Theodore Thomas, who had been a member of the Philharmonic Society of New York since 1853, was elected conductor of the organisation in 1877, but after a single season's activities was called to Cincinnati, Ohio, to become director of the College of Music, an institution which had grown up as one of the fruits of the enthusiasm created by the Music Festivals instituted by him in 1873. In Cincinnati he organised an orchestra to give concerts in connexion with the College, but after a year accepted re-election to the New York post, journeying to the metropolis once a month in order to prepare and direct the concerts. In 1878 he conducted the first complete North American performance of J.S. Bach's St. Matthew Passion (BWV 244) in the Cincinnati Music Hall as part of the Biennial Cincinnati May Festival in Ohio, USA. In February 1880 differences of opinion between him and the other officials of the College led to his resignation and return to New York, where, besides conducting the concerts of the Philharmonic Society, he called his own orchestra back into existence. With it he gave high-class symphony concerts, popular concerts, and concerts for young people until the end of the season 1887-1888, when, discouraged for want of popular support, he abandoned all activities except those which devolved on him as conductor of the Philharmonic Societies of New York and Brooklyn.

In 1891 the Chicago Orchestra (later known as the Theodore Thomas Orchestra, and now since 1912 as the Chicago Symphony Orchestra) was organised for him by wealthy music-lovers in the metropolis of the North-West, and he transferred his labours to that city. The 12 years of his connexion with the Philharmonic Society as its conductor were for the society a period of uninterrupted prosperity, towards which he contributed greatly, not only by his artistic zeal and skill, but also by voluntarily relinquishing, year after year, a portion of the sum which under his contract he was entitled to collect. The story of his labours in Chicago belongs to the. history of the orchestra which bore his name. In 1886 and 1887 he was concerned in a disastrous effort to put opera in the vernacular on a high plane in America. He died having been privileged to conduct only three concerts in the new home of the orchestra over whose artistic fortunes he had presided for 14 years. His successor as music director of the Chicago Symphony Orchestra was Frederick Stock.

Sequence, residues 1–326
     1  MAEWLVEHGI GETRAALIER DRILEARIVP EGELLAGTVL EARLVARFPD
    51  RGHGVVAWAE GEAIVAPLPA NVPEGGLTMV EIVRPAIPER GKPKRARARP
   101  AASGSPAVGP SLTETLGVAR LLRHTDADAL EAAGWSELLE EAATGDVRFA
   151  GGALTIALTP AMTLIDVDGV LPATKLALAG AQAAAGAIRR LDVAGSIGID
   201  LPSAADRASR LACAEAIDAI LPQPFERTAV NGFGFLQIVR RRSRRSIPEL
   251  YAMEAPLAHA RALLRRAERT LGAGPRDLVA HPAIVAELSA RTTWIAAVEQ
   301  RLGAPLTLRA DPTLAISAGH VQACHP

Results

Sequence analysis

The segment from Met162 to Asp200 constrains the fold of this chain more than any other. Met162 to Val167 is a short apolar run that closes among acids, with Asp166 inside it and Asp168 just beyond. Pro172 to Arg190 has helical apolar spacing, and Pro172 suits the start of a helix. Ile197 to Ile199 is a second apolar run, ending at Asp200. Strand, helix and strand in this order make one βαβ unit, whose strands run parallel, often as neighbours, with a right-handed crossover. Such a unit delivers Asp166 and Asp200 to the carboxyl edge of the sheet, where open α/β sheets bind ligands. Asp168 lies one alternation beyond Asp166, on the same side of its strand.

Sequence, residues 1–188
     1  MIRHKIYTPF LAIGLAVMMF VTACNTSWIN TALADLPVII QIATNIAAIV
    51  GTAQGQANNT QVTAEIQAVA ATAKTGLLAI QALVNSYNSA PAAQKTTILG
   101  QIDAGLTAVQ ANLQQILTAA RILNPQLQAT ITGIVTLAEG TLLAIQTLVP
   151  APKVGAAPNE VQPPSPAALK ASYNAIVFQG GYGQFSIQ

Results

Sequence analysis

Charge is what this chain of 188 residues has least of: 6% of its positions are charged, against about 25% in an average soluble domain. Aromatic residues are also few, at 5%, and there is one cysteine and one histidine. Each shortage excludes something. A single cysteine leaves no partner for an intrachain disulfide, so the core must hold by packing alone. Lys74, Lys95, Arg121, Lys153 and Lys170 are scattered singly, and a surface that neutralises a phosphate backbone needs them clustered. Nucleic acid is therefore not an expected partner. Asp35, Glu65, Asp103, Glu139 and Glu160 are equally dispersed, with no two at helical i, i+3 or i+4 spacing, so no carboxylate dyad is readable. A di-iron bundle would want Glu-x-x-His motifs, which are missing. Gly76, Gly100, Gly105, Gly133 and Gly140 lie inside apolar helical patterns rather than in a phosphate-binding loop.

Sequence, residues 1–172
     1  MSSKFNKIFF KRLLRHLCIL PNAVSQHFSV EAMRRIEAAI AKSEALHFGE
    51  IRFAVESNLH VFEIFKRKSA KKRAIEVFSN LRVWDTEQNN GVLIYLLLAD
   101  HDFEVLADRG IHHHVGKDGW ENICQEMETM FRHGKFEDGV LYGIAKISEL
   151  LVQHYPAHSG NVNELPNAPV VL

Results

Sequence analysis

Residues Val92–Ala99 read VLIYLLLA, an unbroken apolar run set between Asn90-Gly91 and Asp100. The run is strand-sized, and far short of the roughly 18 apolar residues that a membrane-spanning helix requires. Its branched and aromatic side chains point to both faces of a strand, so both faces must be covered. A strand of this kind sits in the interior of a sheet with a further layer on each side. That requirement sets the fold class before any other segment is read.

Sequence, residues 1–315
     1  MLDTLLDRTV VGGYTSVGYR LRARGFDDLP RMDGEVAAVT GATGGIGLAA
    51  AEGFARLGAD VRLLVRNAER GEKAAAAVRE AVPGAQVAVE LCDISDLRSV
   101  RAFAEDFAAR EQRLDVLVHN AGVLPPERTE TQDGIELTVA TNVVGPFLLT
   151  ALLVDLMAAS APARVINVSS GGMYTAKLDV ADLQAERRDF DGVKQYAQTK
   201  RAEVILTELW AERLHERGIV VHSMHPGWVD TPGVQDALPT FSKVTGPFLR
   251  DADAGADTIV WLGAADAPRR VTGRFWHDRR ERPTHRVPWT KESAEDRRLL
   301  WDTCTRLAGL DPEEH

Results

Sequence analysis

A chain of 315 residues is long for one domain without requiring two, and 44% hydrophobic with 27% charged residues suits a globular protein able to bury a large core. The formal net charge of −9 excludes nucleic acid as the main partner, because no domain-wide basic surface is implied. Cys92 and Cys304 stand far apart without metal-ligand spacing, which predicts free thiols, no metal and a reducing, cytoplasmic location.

Theodore Thomas was a dynamic apostle of the symphony orchestra in the USA, perhaps doing more to foster classical music than any other in the country's history; besides establishing the older European repertoire, he introduced to the USA the music of Tchaikovsky, Dvořák, Bruckner, Richard Strauss, and many others.

Source: Mostly Grove’s Dictionary of Music and Musicians (1952 Edition; Authors: F.H. Jenks & H.E. Krehbiel); Supplements from other sources
Contributed by
Aryeh Oron (October 2009)

Theodore Thomas: Short Biography | Arrangements/Transcriptions: Works | Recordings

Links to other Sites

Theodore Thomas (Wikipedia)
Thomas, Theodore (The Free Dictionary)

Public Art in Chicago: Theodore Thomas Memorial / The Spirit of Music Statue [Sep 2008]


Thomas, Theodore; George Putnam Upton (1905). Theodore Thomas, a Musical Autobiography (Chicago: A.C. McClurg & Co.)